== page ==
Heads say university applicants must know tuition fees
Head teachers say that applicants to university in England must be told “as soon as possible” how much they will pay in tuition fees in autumn 2018.
But the Department for Education says it has still to confirm whether an increase will go ahead.
The first deadline for applications for next year is next month – but ministers have not yet decided whether to raise fees to above £9,500.
University websites tell applicants that fees have yet to be decided.
The tuition fee level will be decided “by autumn 2017, before the majority of students have applied for a University place for 2018-19”, said a Department for Education spokesman on Wednesday.
This is likely to fuel speculation that the government is considering whether or not to press ahead with the increase.
Tuition fees are rising to £9,250 this autumn, but there is also an inflation-linked increase planned for next year, which would take fees over £9,500 for courses beginning in autumn 2018.
The deadline for applying to some courses – including for Oxford and Cambridge – is mid-October.
But there have been calls for the government to reverse such fee increases – and students, returning to school this week, are being asked to apply without knowing how much they could face in fees.
Mr Barton said that with students now considering university places, the government should “confirm the tuition fee cap as soon as possible”.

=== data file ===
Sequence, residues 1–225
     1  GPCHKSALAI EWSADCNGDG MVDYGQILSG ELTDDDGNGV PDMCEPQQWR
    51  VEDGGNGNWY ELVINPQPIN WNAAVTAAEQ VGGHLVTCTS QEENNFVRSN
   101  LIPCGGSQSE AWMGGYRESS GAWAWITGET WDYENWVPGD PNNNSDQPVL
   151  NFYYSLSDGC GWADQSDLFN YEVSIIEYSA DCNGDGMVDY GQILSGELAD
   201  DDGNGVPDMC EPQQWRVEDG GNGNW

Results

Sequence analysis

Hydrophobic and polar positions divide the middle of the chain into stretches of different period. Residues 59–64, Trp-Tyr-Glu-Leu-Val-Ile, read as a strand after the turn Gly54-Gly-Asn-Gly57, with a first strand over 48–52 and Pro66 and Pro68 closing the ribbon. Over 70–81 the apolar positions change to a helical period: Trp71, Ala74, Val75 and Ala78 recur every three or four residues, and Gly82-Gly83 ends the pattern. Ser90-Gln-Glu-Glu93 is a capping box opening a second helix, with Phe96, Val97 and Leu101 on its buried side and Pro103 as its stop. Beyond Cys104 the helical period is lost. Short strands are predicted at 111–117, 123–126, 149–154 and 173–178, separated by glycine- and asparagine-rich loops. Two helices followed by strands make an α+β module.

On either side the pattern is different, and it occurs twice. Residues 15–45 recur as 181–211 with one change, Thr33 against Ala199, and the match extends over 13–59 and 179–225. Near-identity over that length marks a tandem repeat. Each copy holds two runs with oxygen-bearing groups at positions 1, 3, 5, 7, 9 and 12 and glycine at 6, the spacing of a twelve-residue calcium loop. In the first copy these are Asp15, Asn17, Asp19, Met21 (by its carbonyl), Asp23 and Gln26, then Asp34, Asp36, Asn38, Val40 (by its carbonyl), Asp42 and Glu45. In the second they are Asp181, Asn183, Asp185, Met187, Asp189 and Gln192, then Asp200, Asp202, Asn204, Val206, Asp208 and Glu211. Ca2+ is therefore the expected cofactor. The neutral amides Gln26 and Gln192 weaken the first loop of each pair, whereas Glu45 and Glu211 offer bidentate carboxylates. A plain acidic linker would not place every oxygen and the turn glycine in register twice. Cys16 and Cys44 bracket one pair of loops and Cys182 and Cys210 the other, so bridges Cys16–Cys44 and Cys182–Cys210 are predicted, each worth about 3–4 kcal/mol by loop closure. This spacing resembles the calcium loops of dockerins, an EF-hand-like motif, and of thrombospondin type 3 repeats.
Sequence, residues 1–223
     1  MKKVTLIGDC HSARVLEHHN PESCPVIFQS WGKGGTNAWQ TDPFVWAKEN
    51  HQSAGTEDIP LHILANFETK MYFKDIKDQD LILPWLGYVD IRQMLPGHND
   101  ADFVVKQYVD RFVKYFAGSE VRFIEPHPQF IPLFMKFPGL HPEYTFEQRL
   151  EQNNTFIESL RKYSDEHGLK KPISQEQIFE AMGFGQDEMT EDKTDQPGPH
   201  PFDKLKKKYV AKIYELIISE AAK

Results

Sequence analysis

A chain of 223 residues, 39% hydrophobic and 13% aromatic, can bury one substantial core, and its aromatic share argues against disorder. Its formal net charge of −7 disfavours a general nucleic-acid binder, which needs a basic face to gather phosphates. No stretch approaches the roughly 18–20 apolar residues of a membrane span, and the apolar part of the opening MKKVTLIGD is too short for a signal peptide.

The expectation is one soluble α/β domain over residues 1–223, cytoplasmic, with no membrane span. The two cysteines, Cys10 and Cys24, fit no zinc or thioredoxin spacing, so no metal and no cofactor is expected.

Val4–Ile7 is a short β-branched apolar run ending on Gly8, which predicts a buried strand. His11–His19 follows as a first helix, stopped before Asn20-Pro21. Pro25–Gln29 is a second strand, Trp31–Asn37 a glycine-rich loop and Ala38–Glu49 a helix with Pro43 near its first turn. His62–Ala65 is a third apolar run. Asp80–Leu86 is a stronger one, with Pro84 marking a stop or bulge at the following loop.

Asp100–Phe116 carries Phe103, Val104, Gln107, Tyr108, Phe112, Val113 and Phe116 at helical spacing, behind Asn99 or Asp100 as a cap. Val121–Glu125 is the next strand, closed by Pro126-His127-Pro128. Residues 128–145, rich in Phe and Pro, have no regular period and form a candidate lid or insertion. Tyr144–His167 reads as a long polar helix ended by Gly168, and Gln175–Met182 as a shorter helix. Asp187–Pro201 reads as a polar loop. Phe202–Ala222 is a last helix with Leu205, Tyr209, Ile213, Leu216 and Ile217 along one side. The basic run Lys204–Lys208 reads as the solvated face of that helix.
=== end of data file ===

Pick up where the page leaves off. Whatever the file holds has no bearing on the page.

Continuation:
“We are also concerned that universities have been allowed to raise their fees, but that the government has frozen the £21,000 threshold above which graduates are required to start making loan repayments,” said the leader of the ASCL head teachers’ union.
“If inflation is recognised for universities, it should surely be recognised for students too.”
With higher fees pushing up student debt above £100bn this year, there has been much scrutiny of the cost of university.
During the general election, Labour proposed scrapping tuition fees altogether, a policy that was seen as attracting many younger voters.
And Universities Minister Jo Johnson and former Labour education minister Lord Adonis have challenged the “excessive” level of some vice-chancellors’ pay.
There have been reports of debates within the Conservative Party about value for money and whether university fees should be allowed to keep rising.
The higher education umbrella group Universities UK has called for a rethink on replacing maintenance grants with loans.
A Department for Education spokesman said: “Changes to fee caps for the 2018-19 academic year will be confirmed by autumn 2017, before the majority of students have applied for a University place for 2018-19.”